The Merchant’s House Museum is a NoHo legend, a piece of living history in New York City, with one of the only preserved interiors from the early 1800s. But did you know this landmark is under threat? In December, the Landmarks Preservation Commission voted to approve a potential development next door. The work is likely to cause irreparable damage to the preserved interiors of the museum. They’ve launched an email campaign to get city officials to act! Click here to learn more about their campaign to save the Merchant’s House. Help preserve this piece of NoHo history that’s deeply tied to not only our neighborhood, but to women’s history too.

Gertrude Treadwell lived in Merchant’s House Museum longer than anybody else. For nearly 100 years, she lived in the house, until her passing in 1933. However, for most of her life, Gertrude lived in the house with her sisters Julia, Phebe, and Sarah. While it’s largely believed that the family was financially unable to follow their wealthy NYC neighbors uptown, NoHo’s lucky that the sisters made very few changes to the house while they lived there, so it stayed untouched all those years. The house is an original time capsule with the same plaster work, furniture, and interiors from the 1840s. It’s undeniable that without the sisters, this incredible landmark and glimpse into NYC’s past would have been lost to the ceaseless stream of development in Lower Manhattan by the turn of the century.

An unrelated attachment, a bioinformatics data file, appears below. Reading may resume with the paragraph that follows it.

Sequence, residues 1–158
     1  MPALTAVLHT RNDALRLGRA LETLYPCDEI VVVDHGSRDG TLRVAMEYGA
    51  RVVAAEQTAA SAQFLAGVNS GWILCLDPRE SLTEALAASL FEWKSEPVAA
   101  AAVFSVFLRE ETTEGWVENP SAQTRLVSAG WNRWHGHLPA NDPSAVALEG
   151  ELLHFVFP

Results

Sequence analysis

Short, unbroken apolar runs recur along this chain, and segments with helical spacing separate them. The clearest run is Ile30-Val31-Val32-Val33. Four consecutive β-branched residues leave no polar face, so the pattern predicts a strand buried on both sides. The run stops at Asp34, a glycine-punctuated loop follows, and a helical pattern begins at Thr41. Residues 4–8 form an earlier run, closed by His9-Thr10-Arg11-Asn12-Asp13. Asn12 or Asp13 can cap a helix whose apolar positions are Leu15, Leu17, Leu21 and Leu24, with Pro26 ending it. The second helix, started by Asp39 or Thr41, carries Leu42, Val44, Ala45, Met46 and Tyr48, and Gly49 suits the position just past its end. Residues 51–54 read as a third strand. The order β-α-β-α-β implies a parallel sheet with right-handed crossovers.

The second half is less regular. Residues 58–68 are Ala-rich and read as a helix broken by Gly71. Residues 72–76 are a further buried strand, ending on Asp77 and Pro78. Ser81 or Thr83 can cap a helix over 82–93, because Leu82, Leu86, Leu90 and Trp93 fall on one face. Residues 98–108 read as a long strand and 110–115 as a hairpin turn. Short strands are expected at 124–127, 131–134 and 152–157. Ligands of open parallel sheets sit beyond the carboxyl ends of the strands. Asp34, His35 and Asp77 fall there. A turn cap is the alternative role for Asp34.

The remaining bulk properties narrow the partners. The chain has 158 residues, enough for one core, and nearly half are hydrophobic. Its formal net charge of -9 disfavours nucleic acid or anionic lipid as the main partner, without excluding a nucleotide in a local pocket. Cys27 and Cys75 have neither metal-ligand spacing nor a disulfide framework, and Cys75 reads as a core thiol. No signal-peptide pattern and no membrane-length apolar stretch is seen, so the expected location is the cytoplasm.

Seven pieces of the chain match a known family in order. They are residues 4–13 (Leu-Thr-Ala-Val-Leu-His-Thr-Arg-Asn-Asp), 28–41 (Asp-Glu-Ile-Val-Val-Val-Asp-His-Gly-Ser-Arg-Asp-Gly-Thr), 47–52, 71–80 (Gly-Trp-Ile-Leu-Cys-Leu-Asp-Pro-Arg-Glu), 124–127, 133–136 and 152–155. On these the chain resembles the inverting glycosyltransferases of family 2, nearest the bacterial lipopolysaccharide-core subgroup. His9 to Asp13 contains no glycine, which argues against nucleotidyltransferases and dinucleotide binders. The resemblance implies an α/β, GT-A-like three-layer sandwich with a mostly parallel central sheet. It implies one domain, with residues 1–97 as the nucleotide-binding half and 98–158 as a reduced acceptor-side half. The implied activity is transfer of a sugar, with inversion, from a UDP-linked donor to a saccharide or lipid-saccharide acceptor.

From the 1930s to 60s, the house was open to the public as a museum, but struggled. By 1965, the house was in terrible shape, and close to collapsing. There was a serious risk of losing it again, but thanks to the work of preservationists it was saved. Namely, Ada Louise Huxtable, a prominent and trailblazing female journalist and architecture critic who helped spearhead the initial preservation movement in NYC, wrote an expose of sorts that highlighted the conditions of the house. After years of campaigning, the house was saved, and declared the first landmark in NYC. Later, it was named one of the city’s first interior landmarks as well.

Now, here we are again at risk of losing the landmark, and once again an incredible, undeterred woman is spearheading the fight to save the Merchant’s House. Margaret Halsey Gardiner, known as Pi to most, has been the executive director of the museum since it reopened to the public in the 90s. Over the past decade, she has personally led the fight to save the museum and prevent the development next door. The New York Times recently had a great story on how she’s working to ensure future generations of New Yorkers can enjoy the beauty of the house for years to come. Read more about her fight here. So, help support this NoHo institution, support the Merchant’s House, save a site deeply tied to women’s history, and fill out this form.